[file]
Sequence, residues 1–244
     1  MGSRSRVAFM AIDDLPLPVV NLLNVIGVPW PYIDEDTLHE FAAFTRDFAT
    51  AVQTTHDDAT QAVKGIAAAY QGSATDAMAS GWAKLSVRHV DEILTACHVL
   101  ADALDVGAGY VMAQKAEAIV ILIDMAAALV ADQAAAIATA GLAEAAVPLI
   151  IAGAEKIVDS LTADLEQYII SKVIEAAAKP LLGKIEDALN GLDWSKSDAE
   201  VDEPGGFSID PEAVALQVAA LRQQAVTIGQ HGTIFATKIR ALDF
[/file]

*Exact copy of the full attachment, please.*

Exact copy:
Sequence, residues 1–244
     1  MGSRSRVAFM AIDDLPLPVV NLLNVIGVPW PYIDEDTLHE FAAFTRDFAT
    51  AVQTTHDDAT QAVKGIAAAY QGSATDAMAS GWAKLSVRHV DEILTACHVL
   101  ADALDVGAGY VMAQKAEAIV ILIDMAAALV ADQAAAIATA GLAEAAVPLI
   151  IAGAEKIVDS LTADLEQYII SKVIEAAAKP LLGKIEDALN GLDWSKSDAE
   201  VDEPGGFSID PEAVALQVAA LRQQAVTIGQ HGTIFATKIR ALDF